Home › Small Non Shedding Dog Breeds
Want Love, without the Floating Hair?
Non shedding dog breeds, or more accurately, low shedding dogs are perfect people that have better things to do with their time than vacuum pet hairs off carpet and upholstery.
Need I mention dog hair on your best outfit?
They can be good for those with allergies.
However, most dog allergies are caused by the dander and not hair.
Dander consists of the dead skin cells that fall off the pet and accumulate in the air and settle on surfaces that the dog touches.
These dead cells are produced by all dogs, but some breeds, especially those that do not shed as profusely will create less dander making them a decent choice for allergy sufferers.
Less shedding also means that less hair can intermingle with dust, making the home seem cleaner.
Even if you don’t suffer from allergies, a dog that doesn’t shed is going to create less mess. The only caveat is that those that don’t shed will still lose some hairs.
This loose hair ends up getting tangled in the coat if not brushed frequently.
While not all low shedding or non shedding dog breeds have long coats, many of them do, so what time you save slaving over vacuum duties and lint removal from clothes, you’ll make up for it with brushing.
Some low shedding / non shedding dog breeds have wire coats--these are those thick, harsh hairs, often waterproof that you see on many of the terrier breeds.
Still other low-shedders have little or no hair at all.
Keep in mind that there is no such thing as a completely non shedding dog, but the list below includes all those breeds that are low-shedders.
listed in alphabetical order.
That scruffy look is part of his charm, but he still needs brushing and professional grooming about every three months.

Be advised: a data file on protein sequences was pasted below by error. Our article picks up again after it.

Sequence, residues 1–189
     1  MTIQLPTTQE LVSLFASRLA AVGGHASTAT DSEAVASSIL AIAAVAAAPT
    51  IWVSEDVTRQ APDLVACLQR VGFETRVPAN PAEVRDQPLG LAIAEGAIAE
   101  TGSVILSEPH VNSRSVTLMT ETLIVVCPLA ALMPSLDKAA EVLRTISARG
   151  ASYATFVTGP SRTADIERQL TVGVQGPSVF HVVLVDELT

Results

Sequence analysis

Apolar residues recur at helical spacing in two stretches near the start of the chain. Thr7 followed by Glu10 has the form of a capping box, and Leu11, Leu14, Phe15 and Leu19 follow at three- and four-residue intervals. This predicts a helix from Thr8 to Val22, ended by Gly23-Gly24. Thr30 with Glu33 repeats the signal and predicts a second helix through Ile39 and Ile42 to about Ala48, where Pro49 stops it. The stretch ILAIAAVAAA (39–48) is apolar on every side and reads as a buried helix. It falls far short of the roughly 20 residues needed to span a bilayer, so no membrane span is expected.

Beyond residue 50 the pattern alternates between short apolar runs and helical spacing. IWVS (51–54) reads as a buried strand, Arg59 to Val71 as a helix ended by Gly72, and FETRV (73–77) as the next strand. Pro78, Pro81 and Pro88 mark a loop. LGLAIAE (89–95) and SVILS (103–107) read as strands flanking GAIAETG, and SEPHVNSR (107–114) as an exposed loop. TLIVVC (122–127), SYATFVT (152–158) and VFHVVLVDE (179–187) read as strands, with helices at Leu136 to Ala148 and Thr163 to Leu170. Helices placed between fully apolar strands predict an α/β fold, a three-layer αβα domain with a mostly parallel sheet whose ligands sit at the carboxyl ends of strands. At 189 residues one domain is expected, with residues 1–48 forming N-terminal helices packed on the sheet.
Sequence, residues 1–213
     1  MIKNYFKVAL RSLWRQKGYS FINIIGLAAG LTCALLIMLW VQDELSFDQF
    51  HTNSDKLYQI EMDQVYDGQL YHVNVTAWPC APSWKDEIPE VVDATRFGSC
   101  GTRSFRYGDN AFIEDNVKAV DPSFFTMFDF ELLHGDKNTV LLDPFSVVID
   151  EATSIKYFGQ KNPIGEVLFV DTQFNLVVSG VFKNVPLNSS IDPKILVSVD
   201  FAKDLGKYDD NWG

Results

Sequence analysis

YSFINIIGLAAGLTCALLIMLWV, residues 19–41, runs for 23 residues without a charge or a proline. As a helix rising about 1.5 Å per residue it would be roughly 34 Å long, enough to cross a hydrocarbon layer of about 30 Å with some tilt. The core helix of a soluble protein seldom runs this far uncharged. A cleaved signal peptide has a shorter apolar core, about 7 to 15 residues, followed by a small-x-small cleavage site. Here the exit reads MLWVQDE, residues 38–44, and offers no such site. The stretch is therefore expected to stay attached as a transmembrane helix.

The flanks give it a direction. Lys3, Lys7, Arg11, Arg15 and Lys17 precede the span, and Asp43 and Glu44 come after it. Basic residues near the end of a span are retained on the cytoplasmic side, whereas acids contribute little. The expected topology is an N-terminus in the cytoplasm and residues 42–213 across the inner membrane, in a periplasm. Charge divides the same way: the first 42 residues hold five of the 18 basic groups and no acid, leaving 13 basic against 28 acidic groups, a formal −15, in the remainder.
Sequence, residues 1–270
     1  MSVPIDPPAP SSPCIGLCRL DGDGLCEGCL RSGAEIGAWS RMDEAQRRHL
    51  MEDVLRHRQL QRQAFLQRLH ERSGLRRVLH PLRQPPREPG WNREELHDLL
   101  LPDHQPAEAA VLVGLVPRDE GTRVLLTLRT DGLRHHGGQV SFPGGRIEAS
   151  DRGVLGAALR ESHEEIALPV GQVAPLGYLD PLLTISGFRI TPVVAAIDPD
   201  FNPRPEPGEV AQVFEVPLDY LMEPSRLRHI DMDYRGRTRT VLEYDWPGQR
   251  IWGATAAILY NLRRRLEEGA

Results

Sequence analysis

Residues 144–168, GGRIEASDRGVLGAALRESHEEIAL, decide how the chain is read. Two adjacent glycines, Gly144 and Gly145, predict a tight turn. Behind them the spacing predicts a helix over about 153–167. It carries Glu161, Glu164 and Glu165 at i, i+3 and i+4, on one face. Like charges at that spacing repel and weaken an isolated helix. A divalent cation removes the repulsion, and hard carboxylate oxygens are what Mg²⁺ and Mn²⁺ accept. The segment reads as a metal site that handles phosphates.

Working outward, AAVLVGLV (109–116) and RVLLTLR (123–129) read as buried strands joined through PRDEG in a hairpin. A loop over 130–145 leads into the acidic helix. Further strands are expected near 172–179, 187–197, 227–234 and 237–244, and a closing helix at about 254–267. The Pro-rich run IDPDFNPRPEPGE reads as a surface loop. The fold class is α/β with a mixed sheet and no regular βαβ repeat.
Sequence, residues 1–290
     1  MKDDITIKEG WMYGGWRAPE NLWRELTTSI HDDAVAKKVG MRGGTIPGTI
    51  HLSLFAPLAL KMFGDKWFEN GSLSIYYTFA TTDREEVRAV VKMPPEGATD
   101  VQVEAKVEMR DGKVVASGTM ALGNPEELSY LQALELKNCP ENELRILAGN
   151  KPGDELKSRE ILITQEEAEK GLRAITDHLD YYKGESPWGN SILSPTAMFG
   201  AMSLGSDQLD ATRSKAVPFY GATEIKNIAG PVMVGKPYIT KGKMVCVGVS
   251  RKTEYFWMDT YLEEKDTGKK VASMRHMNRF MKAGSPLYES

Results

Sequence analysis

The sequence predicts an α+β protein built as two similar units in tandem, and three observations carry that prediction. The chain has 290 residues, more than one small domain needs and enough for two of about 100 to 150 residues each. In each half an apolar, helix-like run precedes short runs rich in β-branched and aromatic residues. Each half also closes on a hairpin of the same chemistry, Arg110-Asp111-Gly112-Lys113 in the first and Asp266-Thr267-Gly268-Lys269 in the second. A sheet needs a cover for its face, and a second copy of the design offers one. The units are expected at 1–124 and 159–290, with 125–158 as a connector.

This energetic breed has a harsh double coat and needs brushing at least 2 to 3 times a week. To keep them in a show coat condition, they will need monthly trimming and stripping.
Here’s an easy low shedding dog – brush once a week and let the dog do the rest: Many say they’re more like a cat grooming themselves than a dog.
To keep this dog looking like a lamb, a daily brushing is needed and professional grooming is required at least every couple of months.
These silky, fine, fluffy coats will challenge your grooming skills. Plan on brushing daily and having a professional groomer trim every couple of months.
They look like Yorkshire Terriers with a twist--they have unique colors, however, they are a distinct breed. Their long silky hair requires the same amount of care as the Yorkie and may need professional grooming if a puppy cut is desired.
Weekly brushings with these dogs and a twice-year professional stripping will be necessary to keep them looking their best. Their dense undercoat keeps them warm and their harsh outer coat keeps them dry, but without the maintenance, their warm raincoat might not work.
These dogs come in two different varieties, smooth and rough and both coat types are easy to maintain and shedding is not much of a problem. A quick comb out once a week may be all that is necessary for non-show coats. Dogs that are shown need more work.
Harsh and Shaggy, these dogs require twice a week brushing or combing and a twice yearly professional grooming that includes stripping.
The Powderpuff variety needs brushing,
but the Hairless needs more skin care than hair care. Both shed very little.
With the texture of cotton, these dogs don’t shed much but a daily brushing might be needed to prevent mats and tangles. Professional grooming is recommended because like their cousins the Maltese, Bolognese, and Bichon, hair continues to grow.
These dogs could have one of three different coat types: smooth (little grooming required) long (brushing needed) and wire (twice yearly stripping). All varieties are low shedding.
These dogs will necessitate regular brushing and professional periodical grooming, even for the pet dog. They have a rough coat with a silky topknot giving them a unique appearance.